Austin police said Tuesday they are looking for a driver who did not stop after hitting a 10-year-old boy Friday afternoon on his walk home from his Northwest Austin elementary school.
Caden Walsh was walking down Hymeadow Drive, just south of Lake Creek Parkway, when the driver of an SUV veered onto the sidewalk, said Walsh’s mother, Heather Brady. Walsh jumped out of the way, but not before the vehicle caught him on the leg.
“Then they took off. … They didn’t know if he was dead or alive, and they just left him there,” Brady said.
Walsh, whose leg was bleeding badly, crawled and hobbled away until a good Samaritan noticed him and helped him walk home, Brady said. Walsh’s father took him to the hospital, where he had to get 10 stitches in his leg.
“There was a big chunk taken out of his leg,” Brady said. “He was bleeding profusely.”
Walsh, a Forest North Elementary School fifth-grader, was hit sometime between 3 and 3:30 p.m., and he thinks the vehicle was either red or dark-colored. There are no security cameras in the area, Brady said.
Walsh and his parents spoke to Austin police, and investigators have opened a case, she said.
“He’s on crutches now, but he’s in good spirits,” Brady said of her son. “He’s a trooper.”
Anyone who knows who hit Walsh is eligible for a reward of up to $1,000 if the anonymous tip is the first to lead to the driver’s arrest. Contact Crime Stoppers at 512-472-8477 or through the “P3 Tips” phone app.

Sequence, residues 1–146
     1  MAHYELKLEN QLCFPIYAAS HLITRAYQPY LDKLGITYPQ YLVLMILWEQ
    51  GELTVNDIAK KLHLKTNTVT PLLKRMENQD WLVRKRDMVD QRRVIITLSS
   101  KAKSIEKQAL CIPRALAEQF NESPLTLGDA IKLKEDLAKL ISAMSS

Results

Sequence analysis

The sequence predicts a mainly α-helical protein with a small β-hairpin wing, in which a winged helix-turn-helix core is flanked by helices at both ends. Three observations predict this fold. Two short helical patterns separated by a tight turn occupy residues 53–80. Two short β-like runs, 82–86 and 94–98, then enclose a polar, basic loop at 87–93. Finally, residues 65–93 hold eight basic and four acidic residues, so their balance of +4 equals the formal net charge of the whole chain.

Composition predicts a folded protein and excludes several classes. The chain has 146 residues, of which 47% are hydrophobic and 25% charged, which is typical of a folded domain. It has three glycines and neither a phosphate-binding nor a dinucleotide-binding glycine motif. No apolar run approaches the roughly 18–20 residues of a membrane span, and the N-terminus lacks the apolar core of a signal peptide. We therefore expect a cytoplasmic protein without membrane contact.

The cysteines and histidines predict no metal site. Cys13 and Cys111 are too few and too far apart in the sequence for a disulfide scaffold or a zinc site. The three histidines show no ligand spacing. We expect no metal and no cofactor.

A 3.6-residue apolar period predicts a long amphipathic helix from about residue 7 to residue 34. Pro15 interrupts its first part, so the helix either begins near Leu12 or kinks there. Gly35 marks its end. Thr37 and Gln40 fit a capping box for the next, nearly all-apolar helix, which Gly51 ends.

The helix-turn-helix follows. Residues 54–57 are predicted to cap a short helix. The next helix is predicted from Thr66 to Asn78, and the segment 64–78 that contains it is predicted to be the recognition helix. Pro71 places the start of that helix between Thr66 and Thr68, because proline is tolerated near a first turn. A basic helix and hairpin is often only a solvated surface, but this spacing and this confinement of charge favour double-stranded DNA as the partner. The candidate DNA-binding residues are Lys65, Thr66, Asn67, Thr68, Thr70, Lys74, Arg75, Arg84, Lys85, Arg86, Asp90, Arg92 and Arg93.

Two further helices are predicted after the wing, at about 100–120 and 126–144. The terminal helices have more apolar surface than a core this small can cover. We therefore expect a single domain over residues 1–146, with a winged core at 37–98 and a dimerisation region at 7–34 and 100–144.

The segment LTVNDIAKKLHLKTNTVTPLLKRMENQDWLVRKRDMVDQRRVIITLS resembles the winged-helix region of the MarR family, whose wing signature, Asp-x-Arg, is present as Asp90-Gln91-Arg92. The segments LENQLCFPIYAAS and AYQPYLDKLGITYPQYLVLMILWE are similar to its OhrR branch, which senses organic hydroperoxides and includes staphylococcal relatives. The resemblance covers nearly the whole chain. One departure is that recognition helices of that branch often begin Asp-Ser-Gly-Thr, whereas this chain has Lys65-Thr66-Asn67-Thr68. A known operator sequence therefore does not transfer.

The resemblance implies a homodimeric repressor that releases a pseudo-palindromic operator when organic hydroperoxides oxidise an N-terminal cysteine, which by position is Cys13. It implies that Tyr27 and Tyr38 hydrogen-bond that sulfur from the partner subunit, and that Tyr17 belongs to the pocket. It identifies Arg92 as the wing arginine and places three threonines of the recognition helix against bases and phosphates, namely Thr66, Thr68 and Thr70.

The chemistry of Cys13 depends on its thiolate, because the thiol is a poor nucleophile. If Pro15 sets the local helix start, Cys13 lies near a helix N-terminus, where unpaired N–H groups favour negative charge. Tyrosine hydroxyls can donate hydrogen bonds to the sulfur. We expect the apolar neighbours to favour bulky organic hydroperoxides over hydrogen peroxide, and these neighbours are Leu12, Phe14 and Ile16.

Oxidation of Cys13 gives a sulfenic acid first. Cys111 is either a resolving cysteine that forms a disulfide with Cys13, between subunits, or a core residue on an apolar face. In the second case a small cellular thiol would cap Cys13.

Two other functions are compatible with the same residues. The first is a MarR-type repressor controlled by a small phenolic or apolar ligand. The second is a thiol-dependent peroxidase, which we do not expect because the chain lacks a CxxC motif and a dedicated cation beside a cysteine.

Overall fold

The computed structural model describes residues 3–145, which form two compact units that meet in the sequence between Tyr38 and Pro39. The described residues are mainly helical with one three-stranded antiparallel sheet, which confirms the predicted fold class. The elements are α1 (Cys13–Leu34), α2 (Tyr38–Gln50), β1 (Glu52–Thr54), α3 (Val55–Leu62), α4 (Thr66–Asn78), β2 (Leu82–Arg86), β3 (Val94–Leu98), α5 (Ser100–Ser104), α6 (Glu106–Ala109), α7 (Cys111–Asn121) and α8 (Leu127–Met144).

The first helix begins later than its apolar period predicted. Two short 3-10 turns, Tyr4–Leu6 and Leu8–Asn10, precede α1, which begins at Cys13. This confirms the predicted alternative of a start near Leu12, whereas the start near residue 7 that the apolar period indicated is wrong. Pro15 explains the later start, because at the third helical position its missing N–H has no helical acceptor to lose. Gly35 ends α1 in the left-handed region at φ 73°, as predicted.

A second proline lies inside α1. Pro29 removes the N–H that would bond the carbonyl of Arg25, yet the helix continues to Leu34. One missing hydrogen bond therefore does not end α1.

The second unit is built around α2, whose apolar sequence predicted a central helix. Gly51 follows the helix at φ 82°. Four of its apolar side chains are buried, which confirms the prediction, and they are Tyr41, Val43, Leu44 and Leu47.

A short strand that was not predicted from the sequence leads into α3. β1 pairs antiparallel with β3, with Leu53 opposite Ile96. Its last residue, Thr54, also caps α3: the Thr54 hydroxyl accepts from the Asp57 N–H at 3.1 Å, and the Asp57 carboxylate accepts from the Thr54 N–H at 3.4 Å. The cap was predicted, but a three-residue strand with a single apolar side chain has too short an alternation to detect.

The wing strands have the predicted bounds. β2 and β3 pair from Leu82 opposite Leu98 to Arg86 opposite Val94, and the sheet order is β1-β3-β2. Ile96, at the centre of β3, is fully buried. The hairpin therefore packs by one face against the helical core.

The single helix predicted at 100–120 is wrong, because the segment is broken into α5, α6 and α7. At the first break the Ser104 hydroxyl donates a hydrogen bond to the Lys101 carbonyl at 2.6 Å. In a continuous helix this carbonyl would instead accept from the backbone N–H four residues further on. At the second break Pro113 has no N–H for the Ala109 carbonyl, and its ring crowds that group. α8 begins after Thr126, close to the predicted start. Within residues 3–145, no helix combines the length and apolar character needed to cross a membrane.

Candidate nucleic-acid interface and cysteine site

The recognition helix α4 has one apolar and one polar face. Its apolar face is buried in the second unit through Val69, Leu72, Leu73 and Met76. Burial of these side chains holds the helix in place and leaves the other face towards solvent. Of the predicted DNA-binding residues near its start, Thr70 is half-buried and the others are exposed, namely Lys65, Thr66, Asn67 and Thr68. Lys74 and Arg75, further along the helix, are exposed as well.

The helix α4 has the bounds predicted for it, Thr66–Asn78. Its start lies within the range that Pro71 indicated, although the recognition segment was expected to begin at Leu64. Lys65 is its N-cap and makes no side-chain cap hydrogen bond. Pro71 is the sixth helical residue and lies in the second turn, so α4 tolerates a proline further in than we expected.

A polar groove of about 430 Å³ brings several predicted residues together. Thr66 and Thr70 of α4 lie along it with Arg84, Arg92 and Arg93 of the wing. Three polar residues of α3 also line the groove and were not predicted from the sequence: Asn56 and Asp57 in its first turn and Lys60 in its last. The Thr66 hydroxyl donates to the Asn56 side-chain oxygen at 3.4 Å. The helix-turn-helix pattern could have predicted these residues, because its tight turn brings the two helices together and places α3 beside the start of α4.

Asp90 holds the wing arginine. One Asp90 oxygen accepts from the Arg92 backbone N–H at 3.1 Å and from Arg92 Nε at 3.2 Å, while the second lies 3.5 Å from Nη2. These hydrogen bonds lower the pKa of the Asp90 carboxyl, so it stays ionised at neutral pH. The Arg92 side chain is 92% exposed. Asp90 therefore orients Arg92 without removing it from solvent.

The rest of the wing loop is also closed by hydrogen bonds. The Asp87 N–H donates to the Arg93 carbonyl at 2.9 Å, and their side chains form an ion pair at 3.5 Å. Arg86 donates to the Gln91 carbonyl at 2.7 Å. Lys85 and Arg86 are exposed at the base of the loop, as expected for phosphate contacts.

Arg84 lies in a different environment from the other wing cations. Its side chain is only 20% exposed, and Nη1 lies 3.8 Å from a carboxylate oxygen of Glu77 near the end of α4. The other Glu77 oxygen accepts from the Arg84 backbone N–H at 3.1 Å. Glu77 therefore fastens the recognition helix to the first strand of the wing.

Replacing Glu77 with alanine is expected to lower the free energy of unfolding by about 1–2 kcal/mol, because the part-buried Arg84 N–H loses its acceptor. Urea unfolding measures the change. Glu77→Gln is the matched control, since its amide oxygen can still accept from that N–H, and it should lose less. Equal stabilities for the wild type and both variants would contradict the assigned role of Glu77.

In the chaos of the situation, the family never got the name of the woman who helped Walsh home, Brady said, adding she hopes the woman contacts her to thank her. Police said they would also like to talk to the woman to see whether she can provide more information about the incident.
Austin police officials said officers will be patrolling that area more frequently following the incident.
“We’ll have officers in that area making sure travelers or vehicular traffic is complying with traffic safety laws,” Austin police Officer Destiny Winston said.
So far this year, people in Austin have reported someone failing to stop and render aid after a crash 49 times and 1,025 incidents in which someone left after a crash, Winston said.
“If you’re involved in a traffic crash, it is your duty and you are required to provide information and render aid if necessary,” Winston said. “So that means stop — or stop somewhere when it’s safe — immediately and make sure that the person you were involved in the crash with was not hurt or injured. Then, you need to go ahead and exchange information.”